Your friend is right. MS-DOS is/was an Operating System (Microsoft Disk Operating System is what the acronym stands for.) The UI for DOS is called a (the) command prompt.
The first few versions of Windows ran on top of DOS (making them technically operating environments, though I'm not sure anybody makes that distinction anymore), but later OSes, starting with the NT Kernel, didn't - DOS was gone.
However, people still needed the functionality provided by the command prompt, and instead of command.com we got command.exe (and these days cmd.exe), which when run gives us a command prompt.
But, that's not the only (nor anywhere near the first) command prompt that people have used. Command Prompts are also called Shells, and Unix has many, and the commands are different and often very powerful. Speaking of Power, Microsoft has created a new command prompt for Windows called PowerShell which is incredibly powerful and interesting. See Wikipedia for more: http://en.wikipedia.org/wiki/Command-line_interface#Operating_System_Command-Line_Interfaces
Apparently lots of people don't realise that the DOS Prompt, and the Windows Command Prompt are not the same thing. They're actually two different programs - COMMAND.COM and CMD.EXE respectively.
Firstly due to differences in the platform (DOS vs Windows) and interpreter (command.com vs cmd.exe), there will be obvious dissimilarities like
mode con:cols=COL lines=ROWcommand to resize the console, and no
But there are also major differences in the capabilities and syntax of internal commands between command.com and cmd.exe, as well as some external tools in the two environments. In MS-DOS there are
No functions, code blocks
() and local scopes which mean
if... must be followed by a single command on the same line
gotocan only jump to a label,
callcan only start another batch file
commands can't be grouped together like
( command1 command2 ) >output.txt
No escape character
^. Printing special characters would be a pain, and no possibility of running multiline commands
if [/i] string1 compare-op string2
call set %%var%suffix%=string) of variables and no delayed expansion (e.g.
%variable:~num1,num2%or string replacement support
set /aso you can't do arithmetic
set /pwhich means reading user input is a pain
%*for the whole command line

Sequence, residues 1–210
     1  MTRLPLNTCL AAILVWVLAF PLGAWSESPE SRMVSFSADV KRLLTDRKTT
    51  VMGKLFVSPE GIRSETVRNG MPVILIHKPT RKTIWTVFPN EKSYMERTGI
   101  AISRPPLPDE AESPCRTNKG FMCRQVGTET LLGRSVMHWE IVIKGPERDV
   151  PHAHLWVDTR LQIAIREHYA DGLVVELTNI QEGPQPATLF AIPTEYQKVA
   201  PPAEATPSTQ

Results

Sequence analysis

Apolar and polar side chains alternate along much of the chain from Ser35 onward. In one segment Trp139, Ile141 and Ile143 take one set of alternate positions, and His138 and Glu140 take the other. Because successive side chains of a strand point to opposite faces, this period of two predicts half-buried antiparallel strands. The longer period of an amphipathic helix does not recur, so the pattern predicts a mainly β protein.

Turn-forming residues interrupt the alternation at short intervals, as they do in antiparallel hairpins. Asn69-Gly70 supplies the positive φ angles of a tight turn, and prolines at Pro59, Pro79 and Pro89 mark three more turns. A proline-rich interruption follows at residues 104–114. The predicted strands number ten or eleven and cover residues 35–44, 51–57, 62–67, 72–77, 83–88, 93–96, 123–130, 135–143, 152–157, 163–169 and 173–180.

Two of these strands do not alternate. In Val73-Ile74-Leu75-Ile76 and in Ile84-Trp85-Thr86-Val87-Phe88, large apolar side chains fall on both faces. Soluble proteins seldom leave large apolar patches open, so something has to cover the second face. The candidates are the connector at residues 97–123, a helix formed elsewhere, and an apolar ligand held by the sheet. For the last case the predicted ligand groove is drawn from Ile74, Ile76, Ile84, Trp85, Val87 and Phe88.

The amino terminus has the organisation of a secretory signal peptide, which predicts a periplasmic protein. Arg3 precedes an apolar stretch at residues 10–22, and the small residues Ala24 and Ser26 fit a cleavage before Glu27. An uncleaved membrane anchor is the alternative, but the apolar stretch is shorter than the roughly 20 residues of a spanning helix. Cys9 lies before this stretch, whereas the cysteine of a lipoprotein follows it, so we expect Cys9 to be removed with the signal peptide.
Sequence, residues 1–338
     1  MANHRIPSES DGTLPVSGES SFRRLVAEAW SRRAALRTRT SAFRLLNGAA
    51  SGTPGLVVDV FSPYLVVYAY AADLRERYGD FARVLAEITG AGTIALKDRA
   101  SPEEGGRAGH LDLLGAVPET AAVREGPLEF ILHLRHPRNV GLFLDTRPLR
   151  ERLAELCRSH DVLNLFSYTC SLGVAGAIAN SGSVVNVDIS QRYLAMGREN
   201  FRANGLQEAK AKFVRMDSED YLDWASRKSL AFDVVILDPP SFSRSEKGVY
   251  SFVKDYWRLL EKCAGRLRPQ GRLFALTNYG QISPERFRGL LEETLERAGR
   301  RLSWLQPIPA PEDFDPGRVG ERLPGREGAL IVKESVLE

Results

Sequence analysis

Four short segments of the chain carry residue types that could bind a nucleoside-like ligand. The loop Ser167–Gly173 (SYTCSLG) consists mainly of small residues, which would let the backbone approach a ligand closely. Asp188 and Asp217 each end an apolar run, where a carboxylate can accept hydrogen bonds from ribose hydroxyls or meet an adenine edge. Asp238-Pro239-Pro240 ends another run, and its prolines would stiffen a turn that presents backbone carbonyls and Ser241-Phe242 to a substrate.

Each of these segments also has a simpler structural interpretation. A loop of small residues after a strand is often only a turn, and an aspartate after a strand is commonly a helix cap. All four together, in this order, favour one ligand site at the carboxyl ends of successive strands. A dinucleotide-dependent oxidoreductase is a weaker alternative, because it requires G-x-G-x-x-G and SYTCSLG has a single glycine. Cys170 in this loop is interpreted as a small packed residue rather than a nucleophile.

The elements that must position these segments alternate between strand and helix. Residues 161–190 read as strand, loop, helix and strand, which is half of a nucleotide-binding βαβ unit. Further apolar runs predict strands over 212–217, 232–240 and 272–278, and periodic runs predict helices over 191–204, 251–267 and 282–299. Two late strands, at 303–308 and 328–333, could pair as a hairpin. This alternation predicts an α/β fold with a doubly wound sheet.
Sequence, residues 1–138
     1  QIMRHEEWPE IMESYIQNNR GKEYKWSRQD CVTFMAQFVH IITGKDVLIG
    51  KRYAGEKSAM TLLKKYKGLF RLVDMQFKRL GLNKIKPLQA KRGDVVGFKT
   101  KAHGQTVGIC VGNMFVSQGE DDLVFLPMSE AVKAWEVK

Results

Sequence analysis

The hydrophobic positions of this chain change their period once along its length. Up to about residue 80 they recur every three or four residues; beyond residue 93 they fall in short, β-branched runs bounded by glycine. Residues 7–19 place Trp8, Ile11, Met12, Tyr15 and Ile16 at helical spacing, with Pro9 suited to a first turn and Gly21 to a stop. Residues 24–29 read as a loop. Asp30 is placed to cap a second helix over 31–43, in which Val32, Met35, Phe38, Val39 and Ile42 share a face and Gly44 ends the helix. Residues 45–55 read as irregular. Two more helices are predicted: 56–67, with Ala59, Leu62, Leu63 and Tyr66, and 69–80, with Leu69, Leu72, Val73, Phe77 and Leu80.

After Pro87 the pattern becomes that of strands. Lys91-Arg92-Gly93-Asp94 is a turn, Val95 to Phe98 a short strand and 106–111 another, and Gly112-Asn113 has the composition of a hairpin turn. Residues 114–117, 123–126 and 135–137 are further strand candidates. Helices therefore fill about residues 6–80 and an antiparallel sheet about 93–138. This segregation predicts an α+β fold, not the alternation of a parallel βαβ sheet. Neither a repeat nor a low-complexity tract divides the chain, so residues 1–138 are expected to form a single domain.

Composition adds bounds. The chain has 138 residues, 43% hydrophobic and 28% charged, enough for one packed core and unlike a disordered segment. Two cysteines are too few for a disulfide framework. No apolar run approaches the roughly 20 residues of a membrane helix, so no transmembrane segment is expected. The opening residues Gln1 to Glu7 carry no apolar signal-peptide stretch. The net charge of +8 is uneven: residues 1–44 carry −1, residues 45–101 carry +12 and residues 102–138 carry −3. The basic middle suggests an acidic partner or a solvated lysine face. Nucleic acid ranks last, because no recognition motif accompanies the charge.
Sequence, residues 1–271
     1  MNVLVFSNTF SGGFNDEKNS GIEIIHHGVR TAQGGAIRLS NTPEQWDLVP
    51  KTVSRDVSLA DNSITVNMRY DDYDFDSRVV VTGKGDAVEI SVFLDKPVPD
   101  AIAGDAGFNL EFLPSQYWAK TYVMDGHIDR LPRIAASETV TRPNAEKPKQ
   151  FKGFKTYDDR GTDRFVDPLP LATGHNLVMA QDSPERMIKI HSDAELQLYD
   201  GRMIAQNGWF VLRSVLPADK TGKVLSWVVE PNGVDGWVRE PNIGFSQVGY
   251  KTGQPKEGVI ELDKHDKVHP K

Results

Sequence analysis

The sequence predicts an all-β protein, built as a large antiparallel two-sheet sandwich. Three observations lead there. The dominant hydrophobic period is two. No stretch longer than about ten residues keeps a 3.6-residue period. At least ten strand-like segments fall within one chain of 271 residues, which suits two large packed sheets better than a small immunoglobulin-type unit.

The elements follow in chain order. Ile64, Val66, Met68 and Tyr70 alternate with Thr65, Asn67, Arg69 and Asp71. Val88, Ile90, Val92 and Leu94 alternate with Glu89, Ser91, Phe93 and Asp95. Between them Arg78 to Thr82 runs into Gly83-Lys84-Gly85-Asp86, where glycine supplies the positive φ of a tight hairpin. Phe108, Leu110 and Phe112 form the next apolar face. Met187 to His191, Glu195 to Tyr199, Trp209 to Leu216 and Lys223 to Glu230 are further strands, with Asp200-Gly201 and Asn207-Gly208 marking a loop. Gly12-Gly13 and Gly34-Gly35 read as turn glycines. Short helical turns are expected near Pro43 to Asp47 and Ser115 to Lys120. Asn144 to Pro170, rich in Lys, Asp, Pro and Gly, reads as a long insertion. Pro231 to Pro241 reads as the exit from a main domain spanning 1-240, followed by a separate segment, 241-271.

for /l. No
for /fso reading input from files is also difficult. The only form of
forin DOS is
FOR %variable IN (set) DO command [command-parameters]
finddoesn't support Unicode
%CD% %DATE% %TIME% %RANDOM% %ERRORLEVEL% %CMDEXTVERSION% %CMDCMDLINE% %HIGHESTNUMANODENUMBER%
cd /d. Also no
cd path with spacesand
cd "path with spaces"due to the lack of long file name support
assoc(because there are no GUI and files must be opened manually from command line, so no file association is needed)
A lot of useful external commands in Windows like where, sort, more (in some DOS versions), choice... are also missing in DOS
And this is what MS' Rich Turner said
Also, Cmd != MS-DOS!
I also want to point out a common misconception perpetuated by articles like the ones above: Cmd <> MS-DOS!
- Microsoft last shipped a "new" version of MS-DOS (v8.0 in Windows ME), on September 16th, 2000 - 16 years ago (as of this writing)!!
- MS-DOS was an operating system (albeit a relatively simple OS by today's standards) whose primary user-interface was a command-line shell, until Windows 3.x & 9.x arrived and ran on/around MS-DOS
- MS-DOS' command-line shell's scripting language was relatively terse and moderately powerful, but lacked many of the richer, and more advanced features we enjoy in modern-day PowerShell, Bash, etc.
- While later versions of MS-DOS grew in sophistication and added/replaced some older assembly with new code written in 'C', much of MS-DOS remained written in x86 assembly for efficiency, and because it was the only way at the time to gain access to many hardware devices and peripherals. This made MS-DOS non-portable to non-x86 CPU's. If you're so inclined, you can actually download the source code for MS-DOS v1.1 and v2.0 to see just how much of the earlier versions of MS-DOS were written in x86 assembly (hint: pretty much all of it)!
.batfiles differ from old MS DOS
In conclusion, functionality-wise they may be a little bit similar, but otherwise hugely different